Sheriff, BLM guide neighborhood watch

By Debbie Teofilo
Special to the Sun

Photo by Debbie Teofilo / Special to the Sun
BLM Law Enforcement Ranger Tim Boles introduces K-9 “Goose” to an admirer at the Silicz Neighborhood Watch meeting on June 28.

Representatives of the Sheriff’s Office Kern Valley Substation and the Bureau of Land Management’s (BLM) Bakersfield Office met with the Silicz Neighborhood Watch group on June 28 to discuss ways the agencies and residents could work together to maintain safety in that area of the Reeder Tract.

Senior Deputy Sheriff David Lidgett and BLM Law Enforcement Ranger Tim Boles discussed ways their two agencies work together in the interest of public safety, along with the U.S. Forest Service and the California Highway Patrol. Their large coverage areas combined with a large influx of summer visitors spreads resources thin, so all the agencies cover for each other to maintain law and order and assist with emergencies as they arise.

Senior Deputy Lidgett said their deputies are intent on making a positive difference in the Kern River Valley (KRV). One of those ways is to prove to the community that they will not tolerate lawbreakers, so deputies have been conducting sweeps to arrest those with outstanding warrants. Over a recent three-day period, the Sheriff’s Office arrested 100 people and took them to Bakersfield on buses for legal processing. In response to a resident’s question, Lidgett was discouraged in having to report that over half of them had to be released.

With no jail facility in the KRV and the Ridgecrest jail closed, it is time consuming and depletes deputy resources when having to accompany a lawbreaker to Bakersfield. The Sheriff substation will often contact other agencies to determine if any officers are traveling there and request assistance in transferring out those detainees.

KRV residents are very supportive of law enforcement personnel and readily offer them their support. Lidgett said that is very important to keep overworked deputies focused and motivated during their long 12-hour shifts. The deputies appreciate receiving feedback from the public by learning what is going on in their neighborhoods so they can be proactive in solving problems there.

Lidgett stressed that one of the most productive ways for residents to make a difference in the safety of their communities is to give feedback to the Board of Supervisors with suggestions on where they should spend their budget dollars. It is a powerful message to the Supervisors when members of the public take the time to voice their opinions, especially in person, and it means a lot to the deputies that their work is valued. “Going there is important, and I would love to fill a bus with all of us,” said Lidgett. If unable to attend a board meeting in person, residents can email their budget or other County government suggestions to Chairman Mike Maggard on his “Speak Out” link at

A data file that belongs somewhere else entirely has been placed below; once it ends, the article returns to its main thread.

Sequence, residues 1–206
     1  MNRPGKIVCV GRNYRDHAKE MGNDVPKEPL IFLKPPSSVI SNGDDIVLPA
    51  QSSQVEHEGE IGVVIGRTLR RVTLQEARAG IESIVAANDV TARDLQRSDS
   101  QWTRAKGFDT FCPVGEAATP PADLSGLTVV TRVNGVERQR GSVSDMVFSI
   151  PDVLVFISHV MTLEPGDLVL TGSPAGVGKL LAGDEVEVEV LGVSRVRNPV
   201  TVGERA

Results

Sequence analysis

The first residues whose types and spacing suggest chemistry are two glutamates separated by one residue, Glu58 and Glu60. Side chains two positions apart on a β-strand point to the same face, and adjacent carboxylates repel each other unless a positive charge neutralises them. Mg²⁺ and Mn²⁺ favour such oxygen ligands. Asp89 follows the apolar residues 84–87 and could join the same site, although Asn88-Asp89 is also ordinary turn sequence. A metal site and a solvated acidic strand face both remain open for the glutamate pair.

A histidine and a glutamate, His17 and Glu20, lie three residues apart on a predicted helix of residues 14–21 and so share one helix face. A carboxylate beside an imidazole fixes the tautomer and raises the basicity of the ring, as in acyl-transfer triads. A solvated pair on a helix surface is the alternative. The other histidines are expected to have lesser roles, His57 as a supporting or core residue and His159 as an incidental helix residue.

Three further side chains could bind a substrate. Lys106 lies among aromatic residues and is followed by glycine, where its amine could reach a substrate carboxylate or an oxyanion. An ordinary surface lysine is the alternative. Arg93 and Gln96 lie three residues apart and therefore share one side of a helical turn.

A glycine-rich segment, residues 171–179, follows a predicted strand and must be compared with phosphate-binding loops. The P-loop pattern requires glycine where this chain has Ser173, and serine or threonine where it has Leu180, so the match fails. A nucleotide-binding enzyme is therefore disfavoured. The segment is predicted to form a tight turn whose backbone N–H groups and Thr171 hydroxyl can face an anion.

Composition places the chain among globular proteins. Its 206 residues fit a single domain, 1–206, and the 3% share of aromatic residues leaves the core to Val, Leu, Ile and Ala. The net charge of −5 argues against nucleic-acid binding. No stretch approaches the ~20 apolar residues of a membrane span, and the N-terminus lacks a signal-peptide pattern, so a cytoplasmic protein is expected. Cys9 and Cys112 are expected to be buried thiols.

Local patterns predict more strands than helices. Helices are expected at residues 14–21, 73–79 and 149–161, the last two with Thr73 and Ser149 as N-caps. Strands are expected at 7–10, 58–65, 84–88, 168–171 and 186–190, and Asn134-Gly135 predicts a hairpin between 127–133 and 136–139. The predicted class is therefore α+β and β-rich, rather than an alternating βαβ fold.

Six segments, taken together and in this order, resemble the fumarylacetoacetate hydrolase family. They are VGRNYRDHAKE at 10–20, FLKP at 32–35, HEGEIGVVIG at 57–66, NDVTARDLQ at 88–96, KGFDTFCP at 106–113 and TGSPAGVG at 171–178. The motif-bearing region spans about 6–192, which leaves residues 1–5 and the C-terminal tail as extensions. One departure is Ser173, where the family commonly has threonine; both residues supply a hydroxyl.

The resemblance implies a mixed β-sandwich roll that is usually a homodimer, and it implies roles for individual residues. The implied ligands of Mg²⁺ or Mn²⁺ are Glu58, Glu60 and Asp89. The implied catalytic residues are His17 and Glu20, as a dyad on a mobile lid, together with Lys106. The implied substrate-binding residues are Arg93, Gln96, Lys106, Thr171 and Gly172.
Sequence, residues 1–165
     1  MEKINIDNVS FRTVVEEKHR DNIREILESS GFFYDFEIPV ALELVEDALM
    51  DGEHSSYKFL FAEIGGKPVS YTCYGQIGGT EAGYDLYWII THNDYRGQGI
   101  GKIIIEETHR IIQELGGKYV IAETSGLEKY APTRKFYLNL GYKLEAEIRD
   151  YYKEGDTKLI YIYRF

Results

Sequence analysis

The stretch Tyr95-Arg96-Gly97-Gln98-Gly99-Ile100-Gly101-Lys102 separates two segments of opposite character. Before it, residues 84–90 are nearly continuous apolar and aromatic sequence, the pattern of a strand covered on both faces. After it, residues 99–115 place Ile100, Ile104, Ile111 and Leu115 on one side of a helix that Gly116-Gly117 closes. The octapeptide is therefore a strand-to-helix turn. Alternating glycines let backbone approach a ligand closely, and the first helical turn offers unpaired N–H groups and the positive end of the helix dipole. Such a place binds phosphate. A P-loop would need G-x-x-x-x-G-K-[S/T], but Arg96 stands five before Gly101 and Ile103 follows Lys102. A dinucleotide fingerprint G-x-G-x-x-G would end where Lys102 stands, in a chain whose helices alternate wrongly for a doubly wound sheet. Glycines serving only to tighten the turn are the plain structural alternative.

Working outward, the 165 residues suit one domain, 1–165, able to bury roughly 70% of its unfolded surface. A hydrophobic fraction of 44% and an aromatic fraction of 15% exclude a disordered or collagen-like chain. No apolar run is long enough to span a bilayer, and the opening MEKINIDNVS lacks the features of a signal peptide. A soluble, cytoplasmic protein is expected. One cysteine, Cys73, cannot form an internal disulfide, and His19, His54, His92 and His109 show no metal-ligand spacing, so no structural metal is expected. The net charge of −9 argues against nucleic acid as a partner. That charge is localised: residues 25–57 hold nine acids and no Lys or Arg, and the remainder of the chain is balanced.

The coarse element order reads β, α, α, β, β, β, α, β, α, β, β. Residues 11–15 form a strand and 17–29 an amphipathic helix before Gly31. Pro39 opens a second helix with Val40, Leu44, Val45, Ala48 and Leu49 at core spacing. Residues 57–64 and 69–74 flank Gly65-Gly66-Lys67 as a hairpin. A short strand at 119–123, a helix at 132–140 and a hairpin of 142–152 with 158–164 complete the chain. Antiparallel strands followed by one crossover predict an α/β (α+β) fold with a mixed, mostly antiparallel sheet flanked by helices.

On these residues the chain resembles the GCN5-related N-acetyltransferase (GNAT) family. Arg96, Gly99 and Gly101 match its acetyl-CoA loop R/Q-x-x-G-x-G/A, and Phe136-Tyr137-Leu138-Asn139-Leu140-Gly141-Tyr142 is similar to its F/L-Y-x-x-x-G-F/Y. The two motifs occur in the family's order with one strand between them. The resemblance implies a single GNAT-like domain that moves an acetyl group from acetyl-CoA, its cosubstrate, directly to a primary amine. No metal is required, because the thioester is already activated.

BLM police officer Boles encouraged the neighborhood watch group to establish a regular physical presence in nearby areas with loiterers. Criminals do not want an audience, so they will choose to go elsewhere if there are people around or cameras are seen recording them. Deputy Lidgett also added that retailers, such as those in and around the Vons shopping center, need to post signs prohibiting trespassing. Retailers need to make it clear that they do not want trespassers on their property, and that they are willing to prosecute. This will give the Sheriff’s Office the authority to detain loiterers and charge them.

Many in the audience were especially interested in meeting the BLM K-9 dog. Boles described his many years working with “Goose,” his trusted dog, which is trained in both narcotics detection and patrol work. Rather than using fire power in tense situations, “I use my words in ‘verbal judo’ to try to talk people out of making poor decisions,” said Boles. “If that doesn’t work, I pull my dog out which usually ends it by them deciding to make the right choice.”